The two started out by designing a few steel and wood boats, Cuthbertson drafting the preliminary lines, and Cassian working on the interior plans and details. When they joined forces with yacht builder George Hinterhoeller and Ian Morch of Belleville Marine, however, they moved up to the big leagues of sailboat production.
In 1965, Canadian yachtsman Peter Connolly commissioned Cuthbertson and Cassian to design a custom 40-foot racing sloop that would be “the meanest, hungriest 40-footer afloat.” Bruckmann Manufacturing was commissioned to build the boat, and the result was just what Connolly had in mind. Utilizing ultralight balsa core in her hull and deck—considered to be the first sailboat built this way—Red Jacket was launched in May 1966 and took 11 of 13 starts that summer. The following winter, Red Jacket headed south and won the famed SORC, competing against over 85 of the best racers of the day. Red Jacket was the first Canadian boat to win the SORC, and her success prompted Cuthbertson to remark, “She came out of the north completely unknown, but when she was done, the Americans sat up and paid attention.” The sailing community at large did pay attention, and demand for this type of boat skyrocketed. In the wake of this success, Cuthbertson & Cassian, Hinterholler Yachts, Belleville Marine, and Bruckmann Manufacturing joined forces, in 1969, to form the publicly held C&C Yachts.
C&C's success was built on the famous racecourses of the day. The year of the merger saw the arrival of the Canada's Cup, a match-race between Canada and the U.S. C&C's custom shop, Bruckmann Manufacturing, built three Canadian defenders, with the 42-foot Manitou winning the cup 4-0 over the Sparkman and Stephens-designed Niagara. In 1971, Endurance, a 43-footer, won the Chicago-Mackinac Race; in 1972, Condor, a Redline 41, won SORC overall; and in 1978, Evergreen, a radical custom 42-footer, with a gybing daggerboard, won the Canada's Cup.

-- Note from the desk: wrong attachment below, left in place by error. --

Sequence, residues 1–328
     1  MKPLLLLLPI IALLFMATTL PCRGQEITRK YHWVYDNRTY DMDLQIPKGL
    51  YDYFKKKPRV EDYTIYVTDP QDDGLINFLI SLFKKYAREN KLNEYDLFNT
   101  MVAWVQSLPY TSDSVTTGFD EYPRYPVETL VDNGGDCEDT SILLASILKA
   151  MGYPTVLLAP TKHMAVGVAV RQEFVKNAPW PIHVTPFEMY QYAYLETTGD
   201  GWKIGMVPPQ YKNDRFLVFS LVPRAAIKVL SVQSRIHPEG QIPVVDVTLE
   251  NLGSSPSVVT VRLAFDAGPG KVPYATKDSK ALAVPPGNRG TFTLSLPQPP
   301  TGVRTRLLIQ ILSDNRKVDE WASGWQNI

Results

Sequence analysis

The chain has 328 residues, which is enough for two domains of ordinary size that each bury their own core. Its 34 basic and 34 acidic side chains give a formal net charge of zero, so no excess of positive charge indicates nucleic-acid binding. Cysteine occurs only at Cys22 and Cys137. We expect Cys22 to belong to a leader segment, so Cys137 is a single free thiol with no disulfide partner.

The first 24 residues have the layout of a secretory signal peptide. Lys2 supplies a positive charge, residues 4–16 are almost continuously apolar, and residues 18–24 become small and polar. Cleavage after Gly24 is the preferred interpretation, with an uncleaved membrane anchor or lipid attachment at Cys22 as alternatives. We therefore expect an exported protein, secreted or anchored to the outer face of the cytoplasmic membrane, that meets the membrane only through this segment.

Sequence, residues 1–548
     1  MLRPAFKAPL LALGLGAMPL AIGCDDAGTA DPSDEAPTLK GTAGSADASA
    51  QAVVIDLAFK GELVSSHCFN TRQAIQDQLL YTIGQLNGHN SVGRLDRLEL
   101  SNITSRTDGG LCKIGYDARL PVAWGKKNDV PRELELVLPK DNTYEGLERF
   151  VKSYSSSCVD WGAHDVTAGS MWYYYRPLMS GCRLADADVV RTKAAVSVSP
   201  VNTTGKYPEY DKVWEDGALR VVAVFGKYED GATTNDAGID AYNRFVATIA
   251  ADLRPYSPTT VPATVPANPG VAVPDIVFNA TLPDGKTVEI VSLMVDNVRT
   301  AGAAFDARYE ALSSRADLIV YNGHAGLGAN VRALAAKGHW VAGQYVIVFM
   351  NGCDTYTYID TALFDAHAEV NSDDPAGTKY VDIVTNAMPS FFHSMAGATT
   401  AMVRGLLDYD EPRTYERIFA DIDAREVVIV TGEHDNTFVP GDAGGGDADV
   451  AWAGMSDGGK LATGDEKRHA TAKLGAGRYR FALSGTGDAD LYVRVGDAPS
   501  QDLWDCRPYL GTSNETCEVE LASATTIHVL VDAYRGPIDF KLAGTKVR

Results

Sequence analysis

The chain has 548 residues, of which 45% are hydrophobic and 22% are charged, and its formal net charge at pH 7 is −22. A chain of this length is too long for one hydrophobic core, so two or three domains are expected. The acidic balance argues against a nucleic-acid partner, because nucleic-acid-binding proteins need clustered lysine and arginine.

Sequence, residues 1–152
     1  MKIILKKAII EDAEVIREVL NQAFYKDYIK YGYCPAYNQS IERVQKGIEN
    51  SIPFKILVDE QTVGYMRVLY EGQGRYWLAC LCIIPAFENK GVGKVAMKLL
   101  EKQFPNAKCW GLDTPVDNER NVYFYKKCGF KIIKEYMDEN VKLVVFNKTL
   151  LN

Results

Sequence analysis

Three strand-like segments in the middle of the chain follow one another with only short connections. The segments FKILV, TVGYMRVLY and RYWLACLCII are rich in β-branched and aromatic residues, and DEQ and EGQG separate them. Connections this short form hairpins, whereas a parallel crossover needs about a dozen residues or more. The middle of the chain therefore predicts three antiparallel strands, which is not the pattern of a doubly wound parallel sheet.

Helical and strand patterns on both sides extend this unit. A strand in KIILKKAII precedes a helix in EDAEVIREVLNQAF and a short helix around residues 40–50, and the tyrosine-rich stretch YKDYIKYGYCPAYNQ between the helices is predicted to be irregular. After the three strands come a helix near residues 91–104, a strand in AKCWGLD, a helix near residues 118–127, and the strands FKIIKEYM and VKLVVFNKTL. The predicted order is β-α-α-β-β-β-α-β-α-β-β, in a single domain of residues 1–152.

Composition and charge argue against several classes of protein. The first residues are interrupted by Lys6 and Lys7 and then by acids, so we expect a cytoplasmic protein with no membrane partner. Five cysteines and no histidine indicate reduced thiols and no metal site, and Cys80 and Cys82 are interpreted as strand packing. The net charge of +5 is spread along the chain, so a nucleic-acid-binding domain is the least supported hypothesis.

The entire sailing industry saw tremendous growth through the '70s, much of it in response to the high oil prices of the day. With a strong Canadian dollar behind them, C&C was in the right position to benefit, and they did, with double-digit growth throughout the decade. Plant expansion and the development of a dealer network helped to maintain the strong business. Dealers would say that C&C was the easiest line of boats to sell; its reputation for reliability and high performance resulted in boats that would essentially sell themselves.
During this time, C&C was also producing exceptional talent for the rest of the industry. Rob Mazza, who went on to design for Hunter Marine, was a C&C alum, as were Barry Carroll, and Steve Killing, who remains one of Canada's best designers. Rob Ball, however, was the biggest success story as the lead designer for C&C from 1975 into the early 1990s. He is personally responsible for some of the best racer/cruisers ever built.
By the early '80s, C&C had established itself at the forefront of the sailing industry, from both sailing results and business standpoints. Its success on the racecourse continued:
Canadian Admiral's Cup team comprised entirely of C&C boats—the 45-foot Amazing Grace, the 41-foot Silver Shadow III, and the 39-foot Magistri—finished sixth, a best for Canada. But off the water, the large, fast boats C&C was producing were not what the market wanted in a declining economy. Although this period saw some great boats coming out of the factory—the C&C 30, 34+, and 37+, to list a few—the business side was not as strong as it could have been. By the mid '90s, C&C needed a fresh perspective and new leadership to drive the company's business and sailing success into the next century.
In 1997, Tartan Yachts, assumed control of C&C's powerful legacy. Tim Jackett, Tartan's chief designer, set to work designing a new line of boats that would preserve the design characteristics and performance lineage of the C&C brand. Jackett took cues from the great designers at C&C before him, but his original ideas were also informed by his own experiences designing, building, sailing, and winning in custom racers. Since 1997, C&C Yachts has introduced four new models- the C&C 99, 110, and 121—and produced over 350 boats. In 2002, C&C became the first production sailboat builder to build its entire line with synthetic foam-cored BPA epoxy hulls, featuring a vacuum-bagged, infused laminate with uni-directional “E”-glass and carbon local reinforcements. In 2004, C&C jumped up another notch by equipping all models with carbon-fiber masts—standard.
With innovations in high tech, infused hulls and decks and carbon-fiber masts and components, C&C Yachts today continues to define the industry-leading design and construction styles that Cuthbertson and Cassian inspired over 40 years ago in order to create what remains the industry's performance sailing leader.